She remains Ukraine's top opposition leader, and her prosecutions by the Yanukovych government are widely suspected of being a means of removing her from the political stage in advance of parliamentary elections slated for later this year. Ukraine's next presidential polls will be held in 2015.
Calls are now mounting for a boycott of Ukrainian venues for the Euro 2012 soccer matches which, if it happens, will strike hard at Yanukovych's personal prestige and the sensitivities of all Ukrainians.
The foreign ministry in Kiev warned last week that any targeting of the soccer championship to punish Yanukovych would "damage the interests of millions of ordinary Ukrainians that vote for various political parties or who are not interested in politics at all."
Ukraine has at least one reliable friend in freshly inaugurated Russian president Vladimir Putin, who has dismissed any suggestion that Moscow might join such a boycott, saying "you can't mix politics, business, and other issues with sport."
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For the next five years, France’s president-elect François Hollande of the Socialist Party will go by “Monsieur le Président.” But in this central France town of about 16,000, where he has been in politics for about 30 years, he will always be known as “François.” Residents here know him by his first name – and he knows theirs.
Mr. Hollande toured polling stations in Tulle and other nearby villages on election day. As was his habit when he was a local elected leader here, Hollande visited Tulle’s two markets on May 5, the day before the election, asking shoppers and local food producers how they were doing, shaking men’s hands, and kissing ladies on the cheeks amid a crowd of reporters.
The atmosphere was lighthearted and optimistic, with Hollande ahead of Nicolas Sarkozy in the polls, but some residents worried that it might well be the last time they saw "François" at the markets. As president, he would have very little time, if any, to come visit them.
IN PICTURES: France's new president, François Hollande
Although not from the area originally, Hollande has been a political fixture there for decades. He served as a representative in the lower chamber of parliament for Corrèze, the rural area where Tulle sits, from 1988 to 1993 and again from 1997 until now. He was president of Corrèze’s general council – a position equivalent to county manager – from 2008 until now and served as mayor of Tulle from 2001 to 2008.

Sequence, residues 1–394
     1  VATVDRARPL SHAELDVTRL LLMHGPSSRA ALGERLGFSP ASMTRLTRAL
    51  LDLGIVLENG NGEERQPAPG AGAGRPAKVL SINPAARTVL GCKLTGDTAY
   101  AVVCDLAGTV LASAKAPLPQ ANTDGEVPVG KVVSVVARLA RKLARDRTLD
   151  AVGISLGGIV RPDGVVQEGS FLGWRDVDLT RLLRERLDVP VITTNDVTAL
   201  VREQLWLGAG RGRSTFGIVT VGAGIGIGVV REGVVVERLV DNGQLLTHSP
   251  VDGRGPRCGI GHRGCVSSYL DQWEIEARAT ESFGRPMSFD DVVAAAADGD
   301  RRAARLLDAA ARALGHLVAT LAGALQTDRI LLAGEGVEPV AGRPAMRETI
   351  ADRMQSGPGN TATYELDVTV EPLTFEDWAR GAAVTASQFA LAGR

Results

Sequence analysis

While Hollande walked the open-air market by the town’s cathedral on the unexpectedly sunny day, one petite and elegant older lady waited for him near the market entrance. Wearing a red dress and a white wool cardigan with gold buttons, the older lady had been standing there for over an hour, repeatedly asking reporters whether they knew what time “François” would come.
When Hollande finally got close to her after posing for photographs with supporters, she tried to catch his attention as he spoke to someone else. “Will you invite me to the Elysée?” she called out, referring to France’s presidential palace. Hollande didn’t hear her over the cheering supporters and journalists shouting questions.
Walking along the market stands soon after, Hollande told reporters that just because he was likely to become president didn’t mean he would forget those who live here, and that even if he was less available, Tulle residents should be reassured that one of their own would be leading the country.
“Tulle residents won’t miss me,” Hollande said. “If I lose, they will see me and if I win they will see me even more.”
On election night, about an hour after the announcement of his win, Hollande gave his first presidential address here, right by the cathedral, only a few feet away from the open-air market. Just before he concluded his speech, he thanked his first constituents.
“Finally, I greet my department of Corrèze,” he said, to which the crowd responded with nearly 30 seconds of chants and applause. “I owe you everything.”
Hollande was elected president with 51.63 percent of the votes nationally, according to results published by France’s Interior Ministry. He scored 65 percent of the vote in Corrèze and 76 percent in Tulle.